Fort Worth, Dallas Mayors Begin Wright Discussions

The two-hour meeting at the Wyndham Hotel in Arlington near the city's convention center was friendly and focused mostly on general issues, according to Fort Worth's mayor and two council members.


The mayors of Fort Worth and Dallas, along with a select delegation of council members, met privately Friday to begin negotiating a solution to the Wright Amendment.

The two-hour meeting at the Wyndham Hotel in Arlington near the city's convention center was friendly and focused mostly on general issues, according to Fort Worth's mayor and two council members.

"Basically, it was a get-acquainted process understanding which issues are important to each city, discussing more or less the challenge we face finding this local solution from 30,000 feet rather than from ground level," Fort Worth Mayor Mike Moncrief said. "We didn't really address specifics. This is a huge issue to define."

Moncrief said he expects the group to "drill down a little deeper next meeting."

A second meeting has not been scheduled, but it could come in the next week or two, participants said.

Fort Worth Councilmen Sal Espino and Jungus Jordan also attended.

Mayor Laura Miller and council members Linda Koop, Ed Oakley and Pauline Medrano represented Dallas.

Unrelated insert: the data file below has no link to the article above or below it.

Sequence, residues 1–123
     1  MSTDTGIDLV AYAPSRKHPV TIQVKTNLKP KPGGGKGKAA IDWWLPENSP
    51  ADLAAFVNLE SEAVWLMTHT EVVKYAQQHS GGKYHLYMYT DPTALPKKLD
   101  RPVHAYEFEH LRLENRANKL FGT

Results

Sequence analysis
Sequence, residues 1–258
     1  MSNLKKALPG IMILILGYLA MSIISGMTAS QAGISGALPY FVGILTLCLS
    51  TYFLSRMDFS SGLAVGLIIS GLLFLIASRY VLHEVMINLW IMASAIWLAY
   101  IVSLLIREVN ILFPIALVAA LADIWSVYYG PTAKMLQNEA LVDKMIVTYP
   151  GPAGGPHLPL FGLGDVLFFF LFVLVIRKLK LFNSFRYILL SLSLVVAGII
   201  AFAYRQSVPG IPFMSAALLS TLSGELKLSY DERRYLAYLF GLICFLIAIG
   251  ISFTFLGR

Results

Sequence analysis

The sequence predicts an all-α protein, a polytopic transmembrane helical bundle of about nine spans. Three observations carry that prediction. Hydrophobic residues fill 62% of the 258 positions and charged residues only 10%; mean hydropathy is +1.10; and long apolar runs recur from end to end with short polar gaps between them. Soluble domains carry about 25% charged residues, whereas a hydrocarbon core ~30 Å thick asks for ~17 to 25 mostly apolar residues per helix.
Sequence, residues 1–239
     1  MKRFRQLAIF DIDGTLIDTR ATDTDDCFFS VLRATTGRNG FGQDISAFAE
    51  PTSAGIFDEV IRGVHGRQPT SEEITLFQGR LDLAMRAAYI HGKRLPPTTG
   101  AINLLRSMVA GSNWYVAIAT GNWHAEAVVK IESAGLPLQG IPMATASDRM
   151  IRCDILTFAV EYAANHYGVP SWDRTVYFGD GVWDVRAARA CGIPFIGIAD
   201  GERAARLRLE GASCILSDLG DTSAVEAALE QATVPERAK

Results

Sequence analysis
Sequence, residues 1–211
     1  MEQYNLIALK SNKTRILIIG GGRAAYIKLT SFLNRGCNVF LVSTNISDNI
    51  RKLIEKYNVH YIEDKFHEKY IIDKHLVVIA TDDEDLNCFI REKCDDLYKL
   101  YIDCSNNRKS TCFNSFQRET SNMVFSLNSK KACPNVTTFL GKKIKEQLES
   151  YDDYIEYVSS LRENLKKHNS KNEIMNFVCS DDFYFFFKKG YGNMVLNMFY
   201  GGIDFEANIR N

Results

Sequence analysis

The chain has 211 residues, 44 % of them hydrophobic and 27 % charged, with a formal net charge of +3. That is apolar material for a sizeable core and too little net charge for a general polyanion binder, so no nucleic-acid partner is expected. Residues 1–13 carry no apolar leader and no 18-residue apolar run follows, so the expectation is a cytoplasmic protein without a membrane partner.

Miller said through her chief of staff, Frank Librio, that she agreed with Moncrief that the meeting was professional and that there's more to come. She declined further comment.

Jordan and Espino declined to give specifics about the meeting, referring questions to Moncrief.

Jordan described the general tone of the meeting as a good first start.

"We're rolling up our sleeves and going to work," he said.

The Dallas City Council set a June 14 deadline to present Congress with a proposal for resolving the decades-long debate over the Wright Amendment.

Fort Worth set a deadline of Aug. 1.

The 1979 law restricts nonstop travel from Dallas Love Field to eight nearby states. It has been criticized by Dallas-based Southwest Airlines and legislators, who say it is outdated and should be repealed because it would result in lower airfares by promoting competition among airlines.

Fort Worth-based American Airlines, Dallas/Fort Worth Airport and Fort Worth officials have said that a repeal could financially harm D/FW Airport.

That's where both cities found agreement at Friday's meeting, Moncrief said.

"The city of Dallas has different challenges than the city of Fort Worth, and yet we both share the responsibility to keep the largest fiscal engine in this region healthy, and that's D/FW," Moncrief said. "Both of us agreed that is our top priority."

Fort Worth Star Telegram


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